So the other day I go to look up what new films have opened in the Lodi/Stockton area over the weekend, and what do I find? “Burlesque” and “The Warrior’s Way.” If you’re not familiar with these titles, let it suffice to say that these are not the kinds of films one would either hope or expect to see opening in the month of December, when the air is supposed to be heavy with Oscar buzz.
Things have gotten so bad lately that no self-respecting moviegoer would be caught dead in a multiplex these past few weeks, unless to see the new “Harry Potter” flick. So what’s to be done? There’s always the art houses, but even they aren’t offering much these days (“127 Hours” is showing at Tower in Sacramento, but I think I’ll wait a couple weeks for it to open wider).
My suggestion: Do what I did and use the down time to catch up on some notable movies that came out earlier in the year and are now available on Blu Ray/DVD. Even if you can’t catch up with everything by the holidays, you can always add a few titles to your Christmas wish list for later viewing. So, in lieu of a review of a terrible new film, please accept these quick recommendations for some slightly less new, but far more worthwhile, titles.
Also: a look at my own little wish list for the holiday season.
The best film I’ve seen in the past couple months, hands-down, is “Un Prophete” (★★★★ out of four). Winner of the Grand Prix at the 2009 Cannes Film Festival and already regarded as an instant classic of world cinema, “Un Prophete” is the engrossing story of a young Muslim man who becomes involved with the Corsican mafia during a six-year stint in a French prison. I don’t have enough space to get into the subtle pleasures of director Jacques Audiard’s eye-opening portrait of the criminal underworld, but let it be said that its reputation as a modern-day “Godfather” and the “best damn prison movie ever” is not unfounded. Another (near-)great crime flick to enjoy for the holidays: “Animal Kingdom” (★★★ 1/2), an Australian thriller that uses its story (that of a teenage boy forced into a life of crime by his extended family) to vividly illustrate the point that, in the end, people are merely animals — and, when pushed, they will behave as such with startling ferocity. Look for Jacki Weaver, as the ruthless but perpetually sunny criminal matriarch, to nab a well-deserved Oscar nomination.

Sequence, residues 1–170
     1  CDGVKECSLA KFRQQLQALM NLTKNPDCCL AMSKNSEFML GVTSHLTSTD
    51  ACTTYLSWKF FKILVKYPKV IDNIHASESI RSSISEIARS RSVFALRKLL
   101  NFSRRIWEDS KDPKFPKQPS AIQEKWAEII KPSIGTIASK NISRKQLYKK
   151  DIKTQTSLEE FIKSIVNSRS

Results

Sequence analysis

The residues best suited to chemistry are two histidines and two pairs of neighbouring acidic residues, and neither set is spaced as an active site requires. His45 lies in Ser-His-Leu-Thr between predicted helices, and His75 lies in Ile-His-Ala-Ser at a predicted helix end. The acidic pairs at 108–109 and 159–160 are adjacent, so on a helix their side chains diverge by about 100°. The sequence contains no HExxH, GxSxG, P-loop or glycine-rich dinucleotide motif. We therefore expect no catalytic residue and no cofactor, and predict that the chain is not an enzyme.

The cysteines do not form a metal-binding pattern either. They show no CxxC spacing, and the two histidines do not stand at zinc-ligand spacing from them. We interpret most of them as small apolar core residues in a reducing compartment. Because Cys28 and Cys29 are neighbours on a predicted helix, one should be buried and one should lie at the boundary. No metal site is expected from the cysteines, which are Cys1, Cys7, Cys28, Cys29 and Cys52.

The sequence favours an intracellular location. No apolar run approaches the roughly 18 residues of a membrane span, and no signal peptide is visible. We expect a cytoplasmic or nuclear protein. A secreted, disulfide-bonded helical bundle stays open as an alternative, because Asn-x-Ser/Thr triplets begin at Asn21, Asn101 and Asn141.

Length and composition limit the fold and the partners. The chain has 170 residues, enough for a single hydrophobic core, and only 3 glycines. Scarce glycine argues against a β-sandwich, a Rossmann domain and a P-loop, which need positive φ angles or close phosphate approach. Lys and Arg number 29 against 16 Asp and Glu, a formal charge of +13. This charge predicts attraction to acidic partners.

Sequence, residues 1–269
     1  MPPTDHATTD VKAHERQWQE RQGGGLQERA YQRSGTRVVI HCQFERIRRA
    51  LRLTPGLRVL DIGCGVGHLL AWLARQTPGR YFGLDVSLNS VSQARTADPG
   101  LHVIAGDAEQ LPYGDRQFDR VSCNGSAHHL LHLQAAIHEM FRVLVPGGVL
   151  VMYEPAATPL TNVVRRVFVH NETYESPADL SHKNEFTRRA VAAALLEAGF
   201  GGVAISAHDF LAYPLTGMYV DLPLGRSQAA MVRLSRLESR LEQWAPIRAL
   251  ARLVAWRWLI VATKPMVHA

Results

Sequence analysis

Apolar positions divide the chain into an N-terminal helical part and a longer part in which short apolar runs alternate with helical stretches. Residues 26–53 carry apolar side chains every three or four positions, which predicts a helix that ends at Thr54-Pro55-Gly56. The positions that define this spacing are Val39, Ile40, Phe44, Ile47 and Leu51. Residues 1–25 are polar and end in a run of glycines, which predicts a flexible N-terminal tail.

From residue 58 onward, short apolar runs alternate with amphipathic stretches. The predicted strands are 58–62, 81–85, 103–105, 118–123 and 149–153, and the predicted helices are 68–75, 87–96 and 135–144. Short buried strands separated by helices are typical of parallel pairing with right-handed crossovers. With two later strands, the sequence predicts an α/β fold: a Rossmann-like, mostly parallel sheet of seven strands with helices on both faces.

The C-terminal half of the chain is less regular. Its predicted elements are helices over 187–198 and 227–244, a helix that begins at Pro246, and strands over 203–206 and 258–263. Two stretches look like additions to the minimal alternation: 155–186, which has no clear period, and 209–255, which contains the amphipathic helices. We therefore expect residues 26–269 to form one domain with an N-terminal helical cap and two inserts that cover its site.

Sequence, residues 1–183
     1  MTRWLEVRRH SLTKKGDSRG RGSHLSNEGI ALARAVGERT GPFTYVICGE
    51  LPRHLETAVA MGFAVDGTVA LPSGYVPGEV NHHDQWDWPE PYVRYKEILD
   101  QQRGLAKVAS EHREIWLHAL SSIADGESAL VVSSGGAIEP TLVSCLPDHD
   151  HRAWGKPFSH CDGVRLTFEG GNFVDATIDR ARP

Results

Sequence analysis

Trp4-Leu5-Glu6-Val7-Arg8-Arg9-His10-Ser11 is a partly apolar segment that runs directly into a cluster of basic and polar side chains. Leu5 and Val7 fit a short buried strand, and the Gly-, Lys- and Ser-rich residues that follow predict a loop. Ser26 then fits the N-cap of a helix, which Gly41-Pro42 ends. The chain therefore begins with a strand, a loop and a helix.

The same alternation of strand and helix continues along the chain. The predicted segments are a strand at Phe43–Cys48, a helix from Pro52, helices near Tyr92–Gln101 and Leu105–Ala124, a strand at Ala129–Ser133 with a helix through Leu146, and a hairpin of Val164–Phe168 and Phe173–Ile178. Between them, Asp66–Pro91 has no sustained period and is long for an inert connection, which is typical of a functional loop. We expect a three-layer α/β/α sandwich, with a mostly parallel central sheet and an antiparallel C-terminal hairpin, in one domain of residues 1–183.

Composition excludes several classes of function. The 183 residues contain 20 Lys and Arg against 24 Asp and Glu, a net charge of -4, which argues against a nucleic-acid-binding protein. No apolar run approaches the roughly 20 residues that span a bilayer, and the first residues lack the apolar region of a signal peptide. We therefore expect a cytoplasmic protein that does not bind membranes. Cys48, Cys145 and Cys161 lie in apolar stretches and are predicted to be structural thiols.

Less impressive but also less dark: “The Kids Are All Right” (★★★), a charming if disposable slice of life about a lesbian couple (Annette Bening and Julianne Moore) whose almost-grown children decide to contact the man (Mark Ruffalo) who served as both kids’ sperm donor. The whole thing plays out rather predictably, but the performances (particularly by Bening and Moore, who are both shoe-ins for Academy Award nods for Best Actress) are enough to make it worth a look. If your tastes run toward the stranger end of the spectrum, also check out “Leaves of Grass” (★★★ 1/2), writer/director Tim Blake Nelson’s philosophically dense dramedy about twin brothers — one an intellectual Ivy League professor, the other a pot-growing hick, both played by Edward Norton — caught up in a criminal scheme that eventually spirals out of control. It’s like the Coen brothers’ “Fargo” and Cameron Crowe’s “Elizabethtown” had a baby. That likes to smoke weed.